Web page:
I’ll get right to the point: Stabila R-Beam levels are by far the best levels I’ve ever used as a tile and masonry contractor. I have been using them for three months and now I can’t imagine not having them. They are actually fun to use! Here’s why:
1. These new levels are super comfortable to work with because of the form and contour of the grip, and because they’re so smooth. Tile installers and masons love them because we use cement and water all of the time; we’re always wiping our levels down with sponges. These levels are easy to clean, and the continuous grip allows an installer to use one hand instead of having to use two hands.
2. I love the two very thin edges on the backside of the level. We do dirty things with our levels. We set them in thinset and mastic, and they become coated with bonding agents. Any texture on the level makes it difficult to clean them.
|And if you don’t clean them right away, it’s impossible to get the stuff out of the cracks and crannies, which leaves levels looking pretty dismal, and in time affects the accuracy of the level. The thin edges on R-Beam levels are easy to clean.|
|3. R-Beam levels have a new recessed vial design, so the bubble vials also stay much cleaner.|
4. Because the bottom edges aren’t rounded or eased, it’s much easier to strike a sharp, accurate pencil line—which I do all the time for laying out tile on walls and floors.
5. That same crisp edge is absolutely fantastic when I use a utility knife to make a cut on drywall or cement board—the blade actually follows the edge without trying to duck under it.
6. I like the new end-cap design, too, because they’re the same thickness and shape as the level—there’s no step at the edge or end of the levels, so it’s much easier to carry a straight line right into a corner.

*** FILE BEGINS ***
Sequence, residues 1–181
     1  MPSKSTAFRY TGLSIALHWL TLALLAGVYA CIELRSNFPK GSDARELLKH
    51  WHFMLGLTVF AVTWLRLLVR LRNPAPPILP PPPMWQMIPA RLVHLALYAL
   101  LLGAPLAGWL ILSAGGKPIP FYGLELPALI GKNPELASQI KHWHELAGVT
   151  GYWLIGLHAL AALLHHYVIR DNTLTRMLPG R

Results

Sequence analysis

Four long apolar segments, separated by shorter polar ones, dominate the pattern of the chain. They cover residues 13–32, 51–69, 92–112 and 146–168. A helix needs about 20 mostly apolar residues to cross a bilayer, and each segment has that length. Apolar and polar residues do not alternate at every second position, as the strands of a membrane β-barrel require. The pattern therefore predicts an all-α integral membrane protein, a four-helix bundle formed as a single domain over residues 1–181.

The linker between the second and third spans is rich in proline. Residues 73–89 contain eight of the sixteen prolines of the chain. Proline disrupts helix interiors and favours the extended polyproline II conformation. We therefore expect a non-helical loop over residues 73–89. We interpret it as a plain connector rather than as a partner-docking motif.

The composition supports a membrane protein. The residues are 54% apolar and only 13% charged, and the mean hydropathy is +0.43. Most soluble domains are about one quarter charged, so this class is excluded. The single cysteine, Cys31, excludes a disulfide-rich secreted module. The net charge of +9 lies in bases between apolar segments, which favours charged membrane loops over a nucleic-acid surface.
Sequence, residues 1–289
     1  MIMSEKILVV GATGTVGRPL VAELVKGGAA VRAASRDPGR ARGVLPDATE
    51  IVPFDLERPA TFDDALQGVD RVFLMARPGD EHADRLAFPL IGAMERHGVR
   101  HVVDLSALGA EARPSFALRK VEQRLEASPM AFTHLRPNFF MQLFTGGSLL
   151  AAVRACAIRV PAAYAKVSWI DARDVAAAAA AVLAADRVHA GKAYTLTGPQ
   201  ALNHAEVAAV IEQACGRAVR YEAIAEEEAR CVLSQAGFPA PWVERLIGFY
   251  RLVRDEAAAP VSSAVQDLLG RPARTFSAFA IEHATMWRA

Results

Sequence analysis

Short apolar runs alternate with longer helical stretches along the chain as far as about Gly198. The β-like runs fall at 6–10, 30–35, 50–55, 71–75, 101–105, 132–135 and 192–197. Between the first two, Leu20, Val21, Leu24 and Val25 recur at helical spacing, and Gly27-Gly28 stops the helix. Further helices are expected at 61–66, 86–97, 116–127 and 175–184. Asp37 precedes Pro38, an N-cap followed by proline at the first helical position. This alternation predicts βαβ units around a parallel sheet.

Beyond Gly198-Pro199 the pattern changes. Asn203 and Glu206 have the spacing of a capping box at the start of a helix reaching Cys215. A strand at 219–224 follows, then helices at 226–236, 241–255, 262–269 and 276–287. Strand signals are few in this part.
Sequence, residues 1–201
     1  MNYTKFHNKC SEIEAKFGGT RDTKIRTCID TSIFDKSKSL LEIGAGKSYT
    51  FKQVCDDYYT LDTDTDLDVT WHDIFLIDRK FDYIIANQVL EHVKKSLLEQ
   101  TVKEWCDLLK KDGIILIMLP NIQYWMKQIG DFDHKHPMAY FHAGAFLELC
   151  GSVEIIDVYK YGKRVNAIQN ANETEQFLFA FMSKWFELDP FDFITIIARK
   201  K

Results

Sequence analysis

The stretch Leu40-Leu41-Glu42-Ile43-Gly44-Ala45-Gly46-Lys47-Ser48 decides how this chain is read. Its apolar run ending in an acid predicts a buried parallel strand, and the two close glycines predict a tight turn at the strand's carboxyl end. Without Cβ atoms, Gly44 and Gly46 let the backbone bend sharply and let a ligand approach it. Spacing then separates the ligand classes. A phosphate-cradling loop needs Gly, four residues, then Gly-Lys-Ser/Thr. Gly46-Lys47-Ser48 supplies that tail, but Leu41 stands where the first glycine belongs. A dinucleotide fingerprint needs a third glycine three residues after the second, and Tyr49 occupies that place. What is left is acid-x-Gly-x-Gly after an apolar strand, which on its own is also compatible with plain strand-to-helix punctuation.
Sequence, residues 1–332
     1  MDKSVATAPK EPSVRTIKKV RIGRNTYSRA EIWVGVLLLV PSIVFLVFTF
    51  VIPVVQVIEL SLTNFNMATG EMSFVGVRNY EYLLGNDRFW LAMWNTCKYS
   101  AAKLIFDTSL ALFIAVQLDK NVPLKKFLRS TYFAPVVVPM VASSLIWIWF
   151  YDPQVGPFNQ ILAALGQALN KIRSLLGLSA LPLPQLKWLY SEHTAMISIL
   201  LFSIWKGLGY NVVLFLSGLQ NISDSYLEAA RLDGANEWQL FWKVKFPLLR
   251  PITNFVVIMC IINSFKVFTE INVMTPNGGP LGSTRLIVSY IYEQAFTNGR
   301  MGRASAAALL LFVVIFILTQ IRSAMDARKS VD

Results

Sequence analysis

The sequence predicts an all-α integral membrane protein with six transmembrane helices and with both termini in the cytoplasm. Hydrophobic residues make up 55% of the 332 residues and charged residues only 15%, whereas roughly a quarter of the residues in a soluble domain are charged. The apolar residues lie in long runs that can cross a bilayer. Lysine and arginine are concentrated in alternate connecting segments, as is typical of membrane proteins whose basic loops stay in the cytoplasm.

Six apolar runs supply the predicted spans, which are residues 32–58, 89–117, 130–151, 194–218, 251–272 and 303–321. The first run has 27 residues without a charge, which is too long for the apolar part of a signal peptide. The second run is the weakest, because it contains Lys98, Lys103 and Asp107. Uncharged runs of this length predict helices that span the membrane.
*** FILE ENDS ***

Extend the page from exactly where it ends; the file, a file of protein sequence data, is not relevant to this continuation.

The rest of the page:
|Sure, sometimes the end-caps still get in the way, but they also seem softer and easier to remove and replace than other levels.|
7. Now this next part is really big in my business: R-Beam levels are the very best for working with a mortar base, like the cement in a bottom of a shower pan. And when screeding a large floor, the R-Beam’s shape and contour cut the time and effort in half—between the continuous grip and the sharper edge, working mud with an R-Beam level is like running a snow plow through powder.
8. The placement of the level vial on the 4-ft. level is brilliant. Everyone I show it to is impressed because it just makes so much sense.
9. And there are other advantages to these new levels that we are just beginning to discover. For example, if you ever have to cut a piece of 1-in. or 2-in. PVC pipe—you know how pipe tries to roll away from a saw—just set an R-Beam level on the floor or across a bucket and rest the pipe in the curve of the level. That pipe won’t go anywhere!
I’m sure professionals will come up with more ways to use and enjoy R-Beam levels.
• • •
Being the oldest boy of seven in a family of ten kids, Tom started helping his father install tile at the age of ten on weekends and in the summer. Not only did this help his father to have an extra hand, it also helped his mom to have one less kid in the house.
Years ago, when one became a tile apprentice, they had to grout, clean, and cut tiles for the first three or four years. Tom was a full-fledged tile installer by the age of nineteen.
In 1991, Tom started writing articles for Fine Homebuilding. Tom and his wife, Lane, co-authored Working with Tile, which was published by the Taunton Press, and from time to time Tom speaks around the country at major tile and building shows.
Tom and Lane own a two-story tile store called Cape Cod Tileworks in Harwich, MA. They live in Harwich with their four boys who are active in all sports, including boating, sailing, and fishing on the Cape. In the winter, you can find the whole family snowboarding (and sometimes skiing) most weekends at their winter home in Maine. Tom also prides himself on the fact that he golfs with a mixed bag of lefty and righty golf clubs, but he still has a handicap of 25. It’s just about having fun!
Tom credits his success to his father, Don, who taught him the “old world way” of installing tile, which almost doesn’t exist today. The combination of that old world way and modern day technology have allowed for Tom to find solutions to most problems, creating different methods that make his work exciting almost every day.